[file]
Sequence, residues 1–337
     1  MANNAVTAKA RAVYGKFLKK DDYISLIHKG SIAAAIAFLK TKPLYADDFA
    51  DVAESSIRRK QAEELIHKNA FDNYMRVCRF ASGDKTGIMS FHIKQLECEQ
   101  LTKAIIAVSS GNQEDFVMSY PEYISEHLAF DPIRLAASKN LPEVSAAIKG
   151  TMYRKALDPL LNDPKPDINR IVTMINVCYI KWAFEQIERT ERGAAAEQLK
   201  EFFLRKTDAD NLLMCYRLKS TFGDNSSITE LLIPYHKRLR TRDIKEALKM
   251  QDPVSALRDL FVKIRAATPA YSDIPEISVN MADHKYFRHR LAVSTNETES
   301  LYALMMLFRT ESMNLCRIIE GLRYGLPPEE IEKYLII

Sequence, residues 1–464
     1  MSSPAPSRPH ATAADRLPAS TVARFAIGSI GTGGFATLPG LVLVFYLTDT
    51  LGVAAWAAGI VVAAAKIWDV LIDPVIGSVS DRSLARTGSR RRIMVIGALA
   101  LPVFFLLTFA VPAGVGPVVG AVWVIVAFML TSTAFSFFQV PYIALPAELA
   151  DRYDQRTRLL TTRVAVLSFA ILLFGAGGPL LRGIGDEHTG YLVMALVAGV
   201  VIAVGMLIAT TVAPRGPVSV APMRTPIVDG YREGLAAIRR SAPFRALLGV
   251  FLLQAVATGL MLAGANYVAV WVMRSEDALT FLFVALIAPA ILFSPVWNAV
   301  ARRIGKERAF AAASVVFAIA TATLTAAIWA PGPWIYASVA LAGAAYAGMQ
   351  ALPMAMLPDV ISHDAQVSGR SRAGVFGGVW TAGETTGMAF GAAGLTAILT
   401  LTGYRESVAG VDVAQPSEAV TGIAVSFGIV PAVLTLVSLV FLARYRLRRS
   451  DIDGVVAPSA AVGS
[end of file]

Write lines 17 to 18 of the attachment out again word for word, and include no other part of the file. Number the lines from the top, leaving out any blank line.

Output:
   351  ALPMAMLPDV ISHDAQVSGR SRAGVFGGVW TAGETTGMAF GAAGLTAILT
   401  LTGYRESVAG VDVAQPSEAV TGIAVSFGIV PAVLTLVSLV FLARYRLRRS